Epiphany 7 • Matthew 5:38–48 • February 20, 2011

By William Utech

Matthew wanted his Jewish readers to know and believe that Jesus is the promised Messiah and therefore shows him fulfilling Old Testament Scriptures. Jesus is portrayed as the climax of God’s grace to his people and to the world. This grace is complete and universal. For example, four non-Israelite women are included in Jesus’s genealogy, only in this Gospel do Gentiles honor the Christ child, and it finally concludes with the Great Commission.

The text under consideration is assigned to be read (and preached on) in the season of the church year known as Epiphany. The word “epiphany” is derived from the Greek word for “manifestation” or “appearance.” It is a time to remember/celebrate Christ’s manifestation to the Gentiles by the guiding light of the star. The king has appeared for all. Also remembered and celebrated is Christ’s manifestation to the Jews at his baptism. Here he begins his public ministry that leads him to the cross, the grave, and victory over death in resurrection.

Given all this, it seems somewhat odd at first glance that a text from Jesus’s Sermon on the Mount should be assigned during the season of Epiphany. What do all the ethical imperatives in that text have to do with “light to the Gentiles?”

If you’ve ever been caught driving through a heavy downpour at night, then you know how difficult it can be to see where you are, much less where you are going. The occasional storm-produced flashes of lightning that arc across the sky, however, quickly and clearly reveal, for a split second, the true nature of things. You get a glimpse of how things really are and of what you will really encounter as you proceed down the road you are on.

The declarations of the Sermon on the Mount (including those in our text) have been fruitfully compared to flashes of lightning out of the kingdom of God. They are the brilliant flashes that illumine the path, the perils, the opportunities, and even the final destination in the twinkling of an eye. Suddenly everything is clear, although the darkness quickly closes in again. Thus, taking cues from our text, we know that the kingdom road we are on is one where the evil person is not resisted, where the other cheek is turned, where we literally do give the “shirt off our back,” as well as our coat, where we go the extra mile, where we give and borrow whenever and to whomever asks, where we love our enemies, and where we pray for our persecutors. And this is all summed up in 5:48 where it says: “You shall be perfect, as your heavenly Father is perfect.”

To me, this verse has the ring of Leviticus 19:2, where it says, “You shall be holy.” There is a word of law here, to be sure, but there is also a word of gospel: “You shall be holy.” God is in the process of making us what he has already declared us to be!

There’s an old educational adage that asserts, “You teach what you know, but you only reproduce what you demonstrate.” It seems that Jesus understood this full well, for he is showing us in our text that we are on the kingdom road not only because of what he taught, but especially because of what he demonstrated for us and for our salvation. Go back over the exhortations in the text. Are they not perfectly fulfilled in and by him who was “despised and rejected by men, a man of sorrows and familiar with suffering;” who was “oppressed and afflicted, yet he did not open his mouth;” who was “led like a lamb to the slaughter and as a sheep before her shearers is silent so he did not open his mouth;” and who “bore the sins of many and made intercession for the transgressors” (Is 53: 3, 7, 12 NIV)?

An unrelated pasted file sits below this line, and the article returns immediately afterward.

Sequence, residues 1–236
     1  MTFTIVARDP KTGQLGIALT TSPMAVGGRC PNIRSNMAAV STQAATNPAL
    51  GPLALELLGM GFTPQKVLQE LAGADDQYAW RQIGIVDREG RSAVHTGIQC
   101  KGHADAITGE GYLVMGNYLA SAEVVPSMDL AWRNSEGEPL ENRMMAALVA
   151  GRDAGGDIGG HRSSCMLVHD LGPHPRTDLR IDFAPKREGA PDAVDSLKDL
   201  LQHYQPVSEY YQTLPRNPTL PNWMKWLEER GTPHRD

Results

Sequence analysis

We live, move, and have our being in a time, place, and culture that is decidedly postmodern, post-Christian, and often very anti-church. More and more we face not just disinterested and apathetic onlookers, but ungodly and aggressive gainsayers who rail against the faith we have staked our lives on. How are we to deal with such people?

This text is not so much about us as it is about Jesus and his radical love for people. Out of love and grace and mercy, he causes his rain to fall upon the just and the unjust. Out of his radical love and grace and mercy, he shows, calls, and equips us to become what we are already declared to be. Jesus is all about people; even, and maybe even especially, about those who are his enemies.

He is an agnostic.” “She is an atheist.” “They are hell-bent on attacking and hurting the church and the faith we confess!”

Categorizing others creates distance and gives us a convenient exit strategy for avoiding involvement. Jesus took an entirely different approach. He was all about including people, not excluding them. “The Word became flesh and blood and moved into the neighborhood” (Jn 1:14 MSG). Jesus spent thirty-three years walking in the mess of this world and dealing with all kinds of unhappy, dysfunctional folks. “He had equal status with God but didn’t think so much of himself that he had to cling to the advantages of that status no matter what. Not at all. When the time came he set aside the privileges of deity and took on the status of a slave, becoming human!” (Phil 2:6–7 MSG).

In our lifetimes we are going to come across all kinds of unhappy people; angry at the church, angry at us, angry at God. They may be mean. They may even be malicious. They won’t deserve any kindness or consideration we show them. And we get to choose. Limit our exposure to them or love them? We know Jesus’s choice. Just look at what he did with us.

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